Why did the nuclear family become the norm? How does it manage to remain such a potent force among most members of the UK society? What is the nature of the realities behind the norm that are increasingly contesting its status?
Despite the crude economic reductionism that is tied to many Marxist scholars, this school of thought offers a vital clue as to why the nuclear family norm became dominant in the UK and the rest of Western Europe. In its simplified version, the story goes that with the rise of industrial capitalism (during the 18th and 19th century) the elite formations in society sought to fix the workers, trekkers from the countryside, to particular spots in the urban areas. Academics, influenced by the Women and Development approach (WAD), claimed that the fixed effect, which had at its basis the agenda of making the trekkers dependent upon the industries, had a gender dimension to it. This gender dimension boiled down to coercing industrial workers, which were mostly men, into living in nuclear family units. In such a way women, who were forced to stay home or earned far less, became a reserve army of potential proletarians and unwittingly helped groom their men and male children into faithful and responsible workers. In other words most women, able-bodied or not, came to depend on the male as breadwinners and to view their prime identification as that of mothers and homemakers.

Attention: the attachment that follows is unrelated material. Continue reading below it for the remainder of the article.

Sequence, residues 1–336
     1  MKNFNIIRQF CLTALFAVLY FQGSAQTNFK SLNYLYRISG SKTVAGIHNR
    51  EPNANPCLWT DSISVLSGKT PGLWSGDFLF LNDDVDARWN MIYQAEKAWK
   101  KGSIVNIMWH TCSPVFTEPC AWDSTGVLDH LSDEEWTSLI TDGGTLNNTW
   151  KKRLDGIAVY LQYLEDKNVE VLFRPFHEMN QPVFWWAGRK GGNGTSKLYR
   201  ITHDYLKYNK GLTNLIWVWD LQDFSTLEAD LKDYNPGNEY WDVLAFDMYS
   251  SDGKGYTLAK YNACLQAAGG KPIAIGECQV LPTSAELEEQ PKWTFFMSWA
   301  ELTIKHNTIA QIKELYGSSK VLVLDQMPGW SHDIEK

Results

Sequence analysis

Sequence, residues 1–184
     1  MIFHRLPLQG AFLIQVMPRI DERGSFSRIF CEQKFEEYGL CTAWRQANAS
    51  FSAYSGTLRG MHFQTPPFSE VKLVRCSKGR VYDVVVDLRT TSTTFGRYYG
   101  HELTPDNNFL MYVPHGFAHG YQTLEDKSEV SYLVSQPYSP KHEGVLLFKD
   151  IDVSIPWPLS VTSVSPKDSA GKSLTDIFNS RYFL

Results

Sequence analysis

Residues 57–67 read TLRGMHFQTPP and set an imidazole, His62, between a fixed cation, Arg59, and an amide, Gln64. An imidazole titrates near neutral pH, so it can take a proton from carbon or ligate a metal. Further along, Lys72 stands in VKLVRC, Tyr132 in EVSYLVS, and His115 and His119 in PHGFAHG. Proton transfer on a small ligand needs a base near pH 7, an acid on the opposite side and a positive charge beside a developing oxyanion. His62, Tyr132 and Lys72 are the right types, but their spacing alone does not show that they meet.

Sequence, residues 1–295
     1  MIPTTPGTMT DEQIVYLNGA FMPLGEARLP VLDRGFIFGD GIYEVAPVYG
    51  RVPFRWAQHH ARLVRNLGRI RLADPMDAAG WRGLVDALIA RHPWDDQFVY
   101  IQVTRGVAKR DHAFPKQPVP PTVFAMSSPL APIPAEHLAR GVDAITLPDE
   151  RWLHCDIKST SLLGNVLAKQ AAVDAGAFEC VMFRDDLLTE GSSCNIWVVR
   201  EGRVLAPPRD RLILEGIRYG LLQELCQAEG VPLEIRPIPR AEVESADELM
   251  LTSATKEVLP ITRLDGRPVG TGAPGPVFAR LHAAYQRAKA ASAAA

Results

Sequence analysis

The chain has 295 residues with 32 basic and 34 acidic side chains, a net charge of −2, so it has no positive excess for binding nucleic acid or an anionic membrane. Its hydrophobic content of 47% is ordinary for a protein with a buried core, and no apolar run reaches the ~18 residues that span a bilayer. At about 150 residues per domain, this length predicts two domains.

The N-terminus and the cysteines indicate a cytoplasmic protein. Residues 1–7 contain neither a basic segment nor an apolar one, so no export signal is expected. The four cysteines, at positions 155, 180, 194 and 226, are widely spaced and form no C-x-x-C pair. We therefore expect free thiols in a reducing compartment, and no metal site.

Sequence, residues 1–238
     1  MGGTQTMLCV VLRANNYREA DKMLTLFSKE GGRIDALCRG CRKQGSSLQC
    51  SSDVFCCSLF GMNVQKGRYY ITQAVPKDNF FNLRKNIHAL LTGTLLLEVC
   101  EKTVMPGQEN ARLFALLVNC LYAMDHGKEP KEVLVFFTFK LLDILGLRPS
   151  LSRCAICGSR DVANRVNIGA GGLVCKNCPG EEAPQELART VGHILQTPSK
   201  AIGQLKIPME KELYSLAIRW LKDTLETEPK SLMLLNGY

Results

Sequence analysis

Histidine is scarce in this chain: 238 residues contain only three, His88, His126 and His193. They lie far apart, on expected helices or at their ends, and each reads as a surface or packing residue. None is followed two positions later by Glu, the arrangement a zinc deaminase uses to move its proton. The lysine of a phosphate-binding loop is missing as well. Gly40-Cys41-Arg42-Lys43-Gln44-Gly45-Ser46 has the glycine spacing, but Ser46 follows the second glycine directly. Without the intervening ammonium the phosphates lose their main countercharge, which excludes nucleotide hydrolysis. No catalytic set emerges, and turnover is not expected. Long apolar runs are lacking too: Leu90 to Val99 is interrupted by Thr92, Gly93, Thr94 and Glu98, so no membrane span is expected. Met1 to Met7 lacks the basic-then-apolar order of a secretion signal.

These arrangements did not fall out of the sky but were partially based on patriarchal historical antecedents going all the way back to ancient Rome. As Gittins writes, for centuries fathers were allowed to sell a child under age of seven. Up until the nineteenth century it was understood that the father owned his children’s labour power, and children were expected to work form an early age. Their earnings belonged to their father. In a like manner, their bodies also belonged to him; the mother had no legal rights over her own children because she, too, was regarded as part of the father’s household and property (Gittins1993, 172). One qualification has to be made with regards to Gittins sweeping account of history, and that is that class distinctions made it at times impossible for some men to own their women. Slaves in Europe and elsewhere did not own their women because they were the ‘property’, human chattel, of others.